"To compare directly with Britain and say ‘they’re doing appallingly, look at where we are’ misses the fact they are using a different strategy," he said. "It will take three to four years to know which strategy was right, and we have the advantage of geography."

Professor Blakely estimated that a high proportion of those infected during the UK’s first wave were essential workers who were active in the community. He said this level of partial immunity in people most likely to contract and spread the virus could act as a handbrake on infection numbers during a second wave.

But Professor Bennett said the pattern emerging was that the bigger the first wave, the bigger the second wave. "It looks like herd immunity has little to do with it," she said.

As for the country that has chosen the best economic approach to the pandemic, Professor Blakely said that too would take a few years to determine, and even then the answer would depend on whether you talk to "an epidemiologist or an economist".

"We may well end up with several best options because of the different pathways countries took. We are in such uncertain times at the moment and who is successful will depend on how long it takes to put out a vaccine," he said.

Recent analysis from the International Monetary Fund forecasts the economic impact of the virus – based on falls in gross domestic product, rising unemployment and increased debt. It predicts the impact will be less severe in Australia compared with western Europe’s largest economies despite this country's lockdowns.

Grattan Institute health program director Stephen Duckett said out of all the places that had dealt with a second wave, Victoria deserved the gold medal for bringing down case numbers. "We’ve done remarkably well," he said.

Dr Duckett said Singapore (to whom he would award the silver medal), China, New Zealand, Thailand, Vietnam and Yemen were the countries that had best dealt with second waves of the virus. He said these countries had succeeded in suppressing transmission thanks to good contact tracing, population monitoring and better records of movements across borders.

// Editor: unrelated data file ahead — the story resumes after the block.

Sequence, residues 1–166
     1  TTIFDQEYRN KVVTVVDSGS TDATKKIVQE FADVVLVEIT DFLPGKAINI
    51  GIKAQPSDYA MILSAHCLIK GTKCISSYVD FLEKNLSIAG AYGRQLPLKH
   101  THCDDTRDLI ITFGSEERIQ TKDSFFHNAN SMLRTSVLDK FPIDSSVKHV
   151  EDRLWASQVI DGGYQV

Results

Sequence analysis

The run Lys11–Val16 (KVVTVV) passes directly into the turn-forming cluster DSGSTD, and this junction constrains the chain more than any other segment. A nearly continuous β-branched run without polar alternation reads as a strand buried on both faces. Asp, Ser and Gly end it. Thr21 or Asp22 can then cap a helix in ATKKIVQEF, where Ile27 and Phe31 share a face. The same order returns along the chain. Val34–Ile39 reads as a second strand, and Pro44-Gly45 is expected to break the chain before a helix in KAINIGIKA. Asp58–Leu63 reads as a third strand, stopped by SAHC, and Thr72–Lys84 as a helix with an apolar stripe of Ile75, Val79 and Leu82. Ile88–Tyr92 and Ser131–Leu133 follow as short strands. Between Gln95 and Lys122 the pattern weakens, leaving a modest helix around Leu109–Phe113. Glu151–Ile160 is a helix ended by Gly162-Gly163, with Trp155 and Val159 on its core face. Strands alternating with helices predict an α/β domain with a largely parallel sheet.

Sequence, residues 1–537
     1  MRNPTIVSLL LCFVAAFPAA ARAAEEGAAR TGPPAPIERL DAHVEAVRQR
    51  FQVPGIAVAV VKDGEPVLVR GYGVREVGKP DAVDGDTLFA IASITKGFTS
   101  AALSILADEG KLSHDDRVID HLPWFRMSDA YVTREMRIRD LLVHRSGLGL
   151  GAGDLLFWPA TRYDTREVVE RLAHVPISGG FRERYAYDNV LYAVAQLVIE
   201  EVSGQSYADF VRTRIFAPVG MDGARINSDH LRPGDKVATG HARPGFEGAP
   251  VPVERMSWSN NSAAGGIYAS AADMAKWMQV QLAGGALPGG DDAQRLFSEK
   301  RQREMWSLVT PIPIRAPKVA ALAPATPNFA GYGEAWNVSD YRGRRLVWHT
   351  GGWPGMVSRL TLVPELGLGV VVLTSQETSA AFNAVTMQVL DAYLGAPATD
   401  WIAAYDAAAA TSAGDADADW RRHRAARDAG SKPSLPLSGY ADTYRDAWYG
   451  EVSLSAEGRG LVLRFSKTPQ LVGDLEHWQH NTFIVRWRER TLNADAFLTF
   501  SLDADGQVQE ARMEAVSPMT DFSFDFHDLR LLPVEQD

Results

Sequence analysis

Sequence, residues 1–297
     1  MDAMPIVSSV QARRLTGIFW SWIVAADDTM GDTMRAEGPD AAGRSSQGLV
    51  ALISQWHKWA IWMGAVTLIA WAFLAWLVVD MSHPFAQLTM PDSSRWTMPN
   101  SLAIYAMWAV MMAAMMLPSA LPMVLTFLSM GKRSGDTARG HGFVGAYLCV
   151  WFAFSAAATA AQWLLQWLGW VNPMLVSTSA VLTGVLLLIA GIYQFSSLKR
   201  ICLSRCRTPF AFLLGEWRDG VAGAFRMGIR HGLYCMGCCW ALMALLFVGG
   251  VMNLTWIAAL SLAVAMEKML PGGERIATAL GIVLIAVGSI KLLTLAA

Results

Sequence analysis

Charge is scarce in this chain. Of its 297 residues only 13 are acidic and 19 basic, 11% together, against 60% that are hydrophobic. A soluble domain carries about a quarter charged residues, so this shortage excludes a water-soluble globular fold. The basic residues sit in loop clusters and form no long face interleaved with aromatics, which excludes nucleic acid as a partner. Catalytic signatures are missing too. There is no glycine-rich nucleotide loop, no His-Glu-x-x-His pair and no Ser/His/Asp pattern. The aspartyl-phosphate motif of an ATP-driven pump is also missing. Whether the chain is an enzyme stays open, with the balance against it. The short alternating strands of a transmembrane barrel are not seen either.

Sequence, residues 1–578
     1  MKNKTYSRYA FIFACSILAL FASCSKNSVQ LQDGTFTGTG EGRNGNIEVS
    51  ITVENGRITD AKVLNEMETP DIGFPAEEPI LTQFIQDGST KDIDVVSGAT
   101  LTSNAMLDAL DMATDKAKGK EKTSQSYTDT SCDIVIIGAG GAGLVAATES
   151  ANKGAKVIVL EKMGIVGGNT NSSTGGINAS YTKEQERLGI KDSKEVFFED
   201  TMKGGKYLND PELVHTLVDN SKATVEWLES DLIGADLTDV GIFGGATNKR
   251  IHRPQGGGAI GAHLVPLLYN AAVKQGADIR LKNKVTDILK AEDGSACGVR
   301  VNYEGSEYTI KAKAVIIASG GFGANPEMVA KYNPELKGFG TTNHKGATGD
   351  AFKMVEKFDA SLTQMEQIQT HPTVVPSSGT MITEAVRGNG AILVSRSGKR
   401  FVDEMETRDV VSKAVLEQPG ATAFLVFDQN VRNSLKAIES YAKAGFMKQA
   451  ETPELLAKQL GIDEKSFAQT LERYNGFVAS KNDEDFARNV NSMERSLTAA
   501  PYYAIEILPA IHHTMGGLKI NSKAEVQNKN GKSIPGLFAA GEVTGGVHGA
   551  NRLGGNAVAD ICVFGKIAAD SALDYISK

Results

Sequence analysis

To this list of countries, Associate Professor Vally added South Korea. "Very few countries have been able to do what we have been able to as quickly and effectively," he said.

The graph above shows the 14-day case average for Victoria against South Korea and Singapore (again it has been adjusted for population size). Victoria is the red line.

As of October 25, Victoria’s 14-day case average had fallen below five for the first time in almost six months, and there were 98 people currently known to be infected with COVID-19 statewide.

Professor Blakely said Victoria was in a good position, and had about a good chance of eliminating the virus based on the current trend in infection numbers.

Professor Bennett said the state’s contact tracing system had evolved during the second wave, so health authorities were better placed to deal with any localised outbreaks down the line.

She said it would take an extraordinary set of circumstances and some bad luck akin to the hotel quarantine breaches that sparked the state’s second wave for Victoria's case numbers to increase to such heights again.

"A third wave is incredibly unlikely if we all do our bit, particularly in regards to getting tested and doing it as early as possible," she said.

Associate Professor Vally added that he expected Victorians would be responsible coming out of the second wave and would not take unnecessary risks.

"People in Victoria have been changed by our experience over the past few months and I think we are all pretty sensitive to the risk of ever having to go back into lockdown again after coming out of this second wave," he said.